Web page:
Does this sound familiar?
You get a great idea for a piece of content. A blog post, for example. It sounds so awesome, calling it “a piece of content” doesn’t even do it justice. This baby is ART.
You pour your heart into it. Spend all morning outlining, all afternoon writing, and all night whipping up gorgeous images that you just can’t WAIT to see plastered all over Pinterest. This puppy’s gonna blow people’s minds.
And then you post it, and…zip. Nothin’. Nada.
Maybe you get your usual little pop of traffic from your hardcore fans, but despite the typical influx of readers, nobody is SHARING it. Your hard work isn’t going to be seen by anyone new, because nobody is putting the word out about it to their friends.
Commence pulling out your hair and/or ugly-crying.
Why are people sharing content from literally everyone else in the world except you?
(I mean, they’re not, obviously, but it sure fricken’ FEELS that way sometimes, right?)
Well, turns out, there actually IS a reason for it!
A customer research division of The New York Times recently conducted a study into WHY people share things online. So every time somebody on your Facebook shares a link to the latest OMG-you’ll-never-believe-what-happened-next video, or whenever somebody tweets a link to some shocking statistics, there are reasons they do it – and those reasons are NOT always the same.
Now, you can read the full 46-page report here, but let’s be real, that’s a lot to digest. So I’m breaking down the report into what YOU need to know about why people share content – and how it can inform the type of content you CREATE.
So, how do people choose the things they want to share online?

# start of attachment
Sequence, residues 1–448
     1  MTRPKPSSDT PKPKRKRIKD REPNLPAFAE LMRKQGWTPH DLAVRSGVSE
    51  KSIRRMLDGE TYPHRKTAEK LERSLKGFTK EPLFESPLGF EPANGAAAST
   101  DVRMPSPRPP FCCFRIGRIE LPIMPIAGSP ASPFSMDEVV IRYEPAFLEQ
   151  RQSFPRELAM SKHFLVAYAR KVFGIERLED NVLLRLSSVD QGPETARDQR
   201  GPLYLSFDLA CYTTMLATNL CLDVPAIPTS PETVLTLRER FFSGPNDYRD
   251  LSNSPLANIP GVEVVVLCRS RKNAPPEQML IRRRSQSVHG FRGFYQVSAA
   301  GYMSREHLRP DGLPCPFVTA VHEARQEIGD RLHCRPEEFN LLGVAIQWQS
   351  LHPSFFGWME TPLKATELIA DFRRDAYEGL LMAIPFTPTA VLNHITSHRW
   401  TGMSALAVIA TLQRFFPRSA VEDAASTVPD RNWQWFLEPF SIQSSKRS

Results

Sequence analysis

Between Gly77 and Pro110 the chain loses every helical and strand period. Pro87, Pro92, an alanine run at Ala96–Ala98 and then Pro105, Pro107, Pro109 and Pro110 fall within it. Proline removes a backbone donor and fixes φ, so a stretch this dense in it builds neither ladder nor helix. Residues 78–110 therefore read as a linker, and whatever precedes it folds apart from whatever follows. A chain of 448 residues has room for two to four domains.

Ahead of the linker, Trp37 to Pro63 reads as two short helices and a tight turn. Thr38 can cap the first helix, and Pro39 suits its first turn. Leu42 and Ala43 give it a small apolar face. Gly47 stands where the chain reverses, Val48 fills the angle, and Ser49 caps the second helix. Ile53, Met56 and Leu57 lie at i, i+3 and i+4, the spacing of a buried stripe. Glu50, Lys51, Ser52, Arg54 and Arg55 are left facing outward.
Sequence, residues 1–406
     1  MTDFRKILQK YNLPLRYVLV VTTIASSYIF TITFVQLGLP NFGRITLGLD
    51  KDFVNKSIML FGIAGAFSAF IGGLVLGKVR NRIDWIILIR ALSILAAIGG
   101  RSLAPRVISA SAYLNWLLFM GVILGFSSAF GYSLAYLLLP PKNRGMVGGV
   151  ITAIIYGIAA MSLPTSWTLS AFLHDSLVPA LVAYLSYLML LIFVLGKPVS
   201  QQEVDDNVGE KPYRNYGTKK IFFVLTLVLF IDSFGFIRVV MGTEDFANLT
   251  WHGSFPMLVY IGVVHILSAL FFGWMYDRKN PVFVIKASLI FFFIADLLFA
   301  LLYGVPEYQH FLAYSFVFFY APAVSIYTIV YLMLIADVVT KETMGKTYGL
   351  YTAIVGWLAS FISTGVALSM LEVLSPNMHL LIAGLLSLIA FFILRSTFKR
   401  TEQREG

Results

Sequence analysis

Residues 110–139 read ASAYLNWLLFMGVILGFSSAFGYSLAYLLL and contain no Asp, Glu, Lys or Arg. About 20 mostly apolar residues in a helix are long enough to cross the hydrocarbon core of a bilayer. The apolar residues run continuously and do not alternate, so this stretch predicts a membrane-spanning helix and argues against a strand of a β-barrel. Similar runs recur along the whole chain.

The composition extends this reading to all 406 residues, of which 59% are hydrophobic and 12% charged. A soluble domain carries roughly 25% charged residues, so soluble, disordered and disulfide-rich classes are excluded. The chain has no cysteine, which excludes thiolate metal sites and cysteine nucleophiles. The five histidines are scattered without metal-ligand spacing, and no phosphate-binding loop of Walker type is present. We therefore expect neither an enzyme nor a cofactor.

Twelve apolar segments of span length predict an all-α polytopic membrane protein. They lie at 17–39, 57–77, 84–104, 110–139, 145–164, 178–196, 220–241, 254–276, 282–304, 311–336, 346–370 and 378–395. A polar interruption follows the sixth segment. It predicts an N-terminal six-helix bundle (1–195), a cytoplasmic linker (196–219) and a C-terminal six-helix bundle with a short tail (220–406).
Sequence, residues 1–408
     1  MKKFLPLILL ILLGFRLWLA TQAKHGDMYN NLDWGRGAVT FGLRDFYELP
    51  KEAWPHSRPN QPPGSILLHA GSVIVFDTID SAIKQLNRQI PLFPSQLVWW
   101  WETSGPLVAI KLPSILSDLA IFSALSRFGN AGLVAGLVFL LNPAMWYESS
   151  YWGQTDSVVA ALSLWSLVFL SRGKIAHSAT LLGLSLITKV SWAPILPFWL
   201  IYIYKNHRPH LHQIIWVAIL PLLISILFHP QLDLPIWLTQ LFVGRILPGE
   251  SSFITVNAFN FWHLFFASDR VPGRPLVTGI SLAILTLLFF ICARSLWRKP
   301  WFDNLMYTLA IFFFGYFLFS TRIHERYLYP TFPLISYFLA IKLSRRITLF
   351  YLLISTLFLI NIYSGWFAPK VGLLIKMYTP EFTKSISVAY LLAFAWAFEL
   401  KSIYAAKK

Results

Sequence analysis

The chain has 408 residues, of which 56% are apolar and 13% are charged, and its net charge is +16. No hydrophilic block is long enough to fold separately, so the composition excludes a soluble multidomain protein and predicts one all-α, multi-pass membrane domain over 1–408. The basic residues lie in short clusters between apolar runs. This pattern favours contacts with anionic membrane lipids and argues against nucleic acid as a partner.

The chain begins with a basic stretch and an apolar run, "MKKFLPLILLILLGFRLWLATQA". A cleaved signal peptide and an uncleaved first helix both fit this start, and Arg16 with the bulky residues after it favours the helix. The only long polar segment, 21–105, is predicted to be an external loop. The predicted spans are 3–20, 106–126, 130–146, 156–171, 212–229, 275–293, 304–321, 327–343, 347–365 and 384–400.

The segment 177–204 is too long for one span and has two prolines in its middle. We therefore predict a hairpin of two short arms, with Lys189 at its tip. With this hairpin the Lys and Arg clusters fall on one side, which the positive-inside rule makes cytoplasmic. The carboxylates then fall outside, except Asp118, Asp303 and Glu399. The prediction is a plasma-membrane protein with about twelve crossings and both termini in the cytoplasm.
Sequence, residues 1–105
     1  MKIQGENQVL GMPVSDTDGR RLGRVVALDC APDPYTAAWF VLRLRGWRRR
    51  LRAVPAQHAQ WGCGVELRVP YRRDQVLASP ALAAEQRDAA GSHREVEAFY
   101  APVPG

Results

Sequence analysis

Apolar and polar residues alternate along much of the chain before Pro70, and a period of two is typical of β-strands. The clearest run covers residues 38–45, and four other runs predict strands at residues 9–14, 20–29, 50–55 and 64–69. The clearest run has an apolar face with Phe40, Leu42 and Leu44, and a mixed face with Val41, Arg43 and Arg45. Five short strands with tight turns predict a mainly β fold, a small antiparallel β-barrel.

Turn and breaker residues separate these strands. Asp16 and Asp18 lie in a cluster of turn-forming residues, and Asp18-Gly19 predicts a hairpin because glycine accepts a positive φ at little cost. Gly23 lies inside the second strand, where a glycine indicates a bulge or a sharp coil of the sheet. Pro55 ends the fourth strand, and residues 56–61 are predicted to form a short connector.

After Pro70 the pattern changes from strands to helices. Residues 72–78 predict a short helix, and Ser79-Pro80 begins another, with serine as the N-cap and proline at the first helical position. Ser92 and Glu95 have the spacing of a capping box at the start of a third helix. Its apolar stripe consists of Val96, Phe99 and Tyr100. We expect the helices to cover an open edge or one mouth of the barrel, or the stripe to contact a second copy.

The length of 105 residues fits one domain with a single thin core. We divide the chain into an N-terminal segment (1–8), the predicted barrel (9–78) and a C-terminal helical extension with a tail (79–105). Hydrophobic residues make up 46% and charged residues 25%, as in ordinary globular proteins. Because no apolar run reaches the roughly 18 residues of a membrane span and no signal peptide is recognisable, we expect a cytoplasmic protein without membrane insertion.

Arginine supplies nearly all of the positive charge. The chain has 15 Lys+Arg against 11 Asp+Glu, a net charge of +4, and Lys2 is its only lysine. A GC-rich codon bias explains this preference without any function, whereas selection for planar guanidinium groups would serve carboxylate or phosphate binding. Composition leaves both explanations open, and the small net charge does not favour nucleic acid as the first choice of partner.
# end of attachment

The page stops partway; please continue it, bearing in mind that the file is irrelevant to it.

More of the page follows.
- So they can deliver valuable and entertaining information to other people.When people share content, they do it so that they can improve the lives of other people – whether in a practical way, like providing useful information, or by other means, like making them laugh. 94% of people carefully think about how the information they share might be useful to a person reading it before they pass it along.
- To define themselves to other people. The things you share reflect who you are – your political beliefs, your personal taste, your interests, and so on. Almost 7 out of 10 people share things specifically for the purpose of cultivating an image and defining/reinforcing their identity.
- To grow and enrich existing relationships. When you and a friend or family member have similar interests, you naturally want to share things related to those interests. It’s the perfect excuse to strike up a conversation with somebody you enjoy talking to! In fact, 78% of people share online content BECAUSE it gives them a reason to stay in touch with others who they might not otherwise stay in touch with. (Awwwwww!)
- To feel a sense of self-fulfillment. It’s okay to admit it – it’s pretty validating to be thought of as helpful! You feel like a valuable participant in the world when you share useful information. Don’t you just get the warm-and-fuzzies all over when a friend tells you how much they LOVED that thing you sent them?
- To get the dang word out. Sometimes, getting the word out means sharing an article about an important election. Other times, it means making sure people know that the iced mocha you got from that new place on 5th Avenue is like,the best iced mocha ever. We all have brands and causes we like to advocate for, and 84% of people share on social specifically for that reason.
“That’s all cool,” you might be thinking, “but so what? What do I DO with that information?”
Here’s what you do now.
You’ve probably heard the term “buyer persona” before, but just in case, here’s the short version:
A buyer persona is like a template of a person – in your case, one of your business’s customers. (Hint: you probably have more than one buyer persona relevant to your biz.)
Think of that persona as like a 10-second profile of a typical customer. So for example, one buyer persona for Edgar might be, “An independent entrepreneur who doesn’t want to hand her social media over to another person, but is frustrated by how much time it takes out of her day.”